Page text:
This is certainly the best design I ever made… When I come up for judgment and they stop me at the gate and ask, ‘What’s your excuse?’ I’ll tell them I designed the Gloucester Light Dory and they’ll have to let me in.
– Phil Bolger (taken from his obituary in the Boston Globe)
For the record, I don’t think this is at all how it went down on Sunday, when Phil Bolger’s brilliant life came to a close. You don’t design the Gloucester Light Dory, and countless other great boats, and then have to answer for yourself. You get waved on through and directed to the VIP lounge. And, if you are Phil Bolger, you then walk out of the VIP lounge and begin rethinking the design of the whole place, because you know you can probably help God Himself “think outside the box.”
Our corner of the world, lovers of small boats, especially wooden and classic ones, is feeling the great loss of Phil Bolger two days ago. We here at Chine bLog are in especially deep mourning. As I have noted, the aforementioned “Gloucester Gull” was the first boat we built and was truly a thing of beauty. The sweep of the sheer is divine, the rake of the ends spot-on, the project of building her accessible to most, and the performance magical. The design has no equal, and those of us who design boats on any level accept a second rung of greatness as the best possible outcome, much the way any rock band knows it will never quite touch St. Pepper’s.
As great as the Gloucester Light Dory and a handful of other Bolger designs are (see my tribute to him from several months back), what has to set Phil apart in the historical record is his willingness to stand above convention and fashion. If you have never grabbed his 103 Sailing Rigs, you are missing out on a great text on small boat rigs. Sure, there are the many boatloads of practical advice, but the true value are the genius pieces of common sense. Bolger rants over and over, for example, about how arbitrary racing rules have dictated rig preferences for boats that are rarely – or never – beholden to those rules. He writes of the dipping lug rig:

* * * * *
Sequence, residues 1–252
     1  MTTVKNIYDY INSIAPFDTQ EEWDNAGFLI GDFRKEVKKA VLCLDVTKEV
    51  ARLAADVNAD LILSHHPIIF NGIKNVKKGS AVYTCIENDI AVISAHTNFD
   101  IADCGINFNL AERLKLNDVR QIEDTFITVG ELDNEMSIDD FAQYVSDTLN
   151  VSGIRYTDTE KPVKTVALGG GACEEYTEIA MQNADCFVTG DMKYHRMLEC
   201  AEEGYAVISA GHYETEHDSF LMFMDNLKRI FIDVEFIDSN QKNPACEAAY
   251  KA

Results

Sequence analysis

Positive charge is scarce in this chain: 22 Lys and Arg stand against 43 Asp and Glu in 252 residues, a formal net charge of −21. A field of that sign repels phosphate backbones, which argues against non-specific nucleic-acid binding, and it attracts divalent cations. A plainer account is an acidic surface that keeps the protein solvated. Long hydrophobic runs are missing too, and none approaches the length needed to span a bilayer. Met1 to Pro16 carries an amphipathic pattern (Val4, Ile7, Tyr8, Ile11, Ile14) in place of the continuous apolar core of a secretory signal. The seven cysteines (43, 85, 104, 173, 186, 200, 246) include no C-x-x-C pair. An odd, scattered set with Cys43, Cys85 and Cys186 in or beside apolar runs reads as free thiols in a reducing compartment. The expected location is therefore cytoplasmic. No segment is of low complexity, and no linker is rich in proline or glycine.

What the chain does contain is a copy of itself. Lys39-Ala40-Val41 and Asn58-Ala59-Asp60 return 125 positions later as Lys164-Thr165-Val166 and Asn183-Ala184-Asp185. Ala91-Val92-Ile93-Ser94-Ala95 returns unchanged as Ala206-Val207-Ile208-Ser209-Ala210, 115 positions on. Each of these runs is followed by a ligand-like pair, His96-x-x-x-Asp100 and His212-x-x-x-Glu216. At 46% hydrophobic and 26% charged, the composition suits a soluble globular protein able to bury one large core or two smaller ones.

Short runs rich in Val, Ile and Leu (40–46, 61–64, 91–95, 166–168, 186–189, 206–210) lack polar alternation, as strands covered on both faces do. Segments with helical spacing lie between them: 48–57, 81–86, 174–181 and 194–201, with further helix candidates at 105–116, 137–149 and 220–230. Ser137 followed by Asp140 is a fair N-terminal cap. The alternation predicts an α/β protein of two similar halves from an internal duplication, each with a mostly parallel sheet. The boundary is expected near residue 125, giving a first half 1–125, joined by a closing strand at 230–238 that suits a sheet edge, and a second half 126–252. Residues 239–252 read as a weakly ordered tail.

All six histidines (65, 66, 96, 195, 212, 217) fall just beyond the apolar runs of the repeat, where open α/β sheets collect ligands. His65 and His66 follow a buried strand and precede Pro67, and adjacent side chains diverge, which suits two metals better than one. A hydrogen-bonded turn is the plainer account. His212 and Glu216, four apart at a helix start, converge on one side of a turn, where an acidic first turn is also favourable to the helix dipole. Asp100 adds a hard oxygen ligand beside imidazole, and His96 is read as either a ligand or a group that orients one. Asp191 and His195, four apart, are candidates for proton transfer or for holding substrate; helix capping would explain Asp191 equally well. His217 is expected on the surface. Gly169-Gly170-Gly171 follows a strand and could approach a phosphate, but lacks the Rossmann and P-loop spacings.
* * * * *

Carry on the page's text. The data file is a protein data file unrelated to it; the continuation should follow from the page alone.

… the dipping lug remains ideal for the use for which it has always been ideal: to produce maximum power in a straight line with minimum clutter on deck and wind resistance aloft. The cartoon shows it as an auxiliary sail on a motorboat, a purpose for which it is so much better than any other rig ever devised that it’s a monument to the rarity of common sense that its so little used.
Bolger never forgot that each boat had a purpose, and to create a design that fulfills traits unaligned to that purpose was beyond counterproductive. In some sense it is so easy – figure out the problem you are trying to solve and solve it. Period. But few ever do that, and Bolger did it almost every time out. Are some of his designs ugly as all get out? Absolutely, but read the design spec first. If you want something that allows one to bird-watch in shoal-draft water in all weather, guess what: you don’t get Rosinante. You just don’t. Bolger used to do design commentaries in the dearly-departed Small Boat Journal (readers would send in requirements and he’d knock out a sketch to solve the problem). I used to go nuts looking at the lines, but then you read the boat’s purpose and it all makes sense. No one else could so focus himself on the needs of the owner and so divorce himself from “the way things are supposed to be.”
I hope we’ll see another Phil Bolger, but I am not betting on it. Such brilliance only comes around once. Fair winds and following seas, Phil – you will be much missed and always admired.
And now, if you don’t mind, I am going to keep trying to create a design that is 1/4 of the Gloucester Light Dory.